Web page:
A Mac enthusiast Web site has pointed out and detailed a recent patent that appears to be a "stealth" patent by Apple for an iPod video smartphone that does it all: cell phone calls, wireless videoconferencing, wireless P2P networking, video playing, picture taking and much more. It even sports the famous round Apple Click Wheel on the front.
Brightest Cell Phone Innovation Ever
Cell phones are the "black hole" of gadgets. Other stand-alone gadgets get sucked into phones, their functionality duplicated in phones, and replaced -- PDAs, wristwatches, calculators and, in the future, MP3 players, TV remote control units and more. But the best feature you could possibly put into a cell phone -- or any other gadget for that matter -- is technology that would enable it to charge itself without being plugged in.
Forget Paper Trails: The Internet Has A Longer Memory
Should employers be entitled to look up their prospective hires' profiles on MySpace.com and other social networking sites? Or has an important line been crossed--both ethically and legally?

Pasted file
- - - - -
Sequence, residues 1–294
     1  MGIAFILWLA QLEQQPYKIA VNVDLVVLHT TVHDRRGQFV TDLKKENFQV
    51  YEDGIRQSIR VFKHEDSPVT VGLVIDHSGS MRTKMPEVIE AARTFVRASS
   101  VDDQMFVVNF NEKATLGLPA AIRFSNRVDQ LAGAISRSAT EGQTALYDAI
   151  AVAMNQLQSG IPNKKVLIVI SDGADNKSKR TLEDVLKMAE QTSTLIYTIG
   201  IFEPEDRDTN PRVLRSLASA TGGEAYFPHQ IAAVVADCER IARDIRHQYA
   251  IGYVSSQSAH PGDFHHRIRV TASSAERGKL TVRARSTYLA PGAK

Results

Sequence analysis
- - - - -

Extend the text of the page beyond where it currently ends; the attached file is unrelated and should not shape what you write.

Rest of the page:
A career counselor at New York University, who routinely deals with recruiters from major corporations, said dozens of companies were checking out social networks and personal Web sites before deciding who to hire, according to a
Teen-Only Ringtone -- Can You Hear Me Now?
This is a story about the use of technology used by both sides in the ancient and ongoing battle between teenagers and adults.
It starts with a clever bit of entrepreneurship. A company called Compound Security Systems developed what amounts to a "teenager repellant" designed to drive kids away from malls, stores and other places where teens congregate and annoy paying customers. Called the Mosquito, the electronic box produces an ultra-sonic to
Wristwatch Is Peripheral Device For Your Phone
Citizen announced a new wristwatch this week called the Citizen VIRT W700. The watch stays in contact with your cell phone via Bluetooth. If you get a call, the watch vibrates, flashes a light and displays Caller ID info. Best of all, if you leave your phone somewhere, the watch alerts you immediately.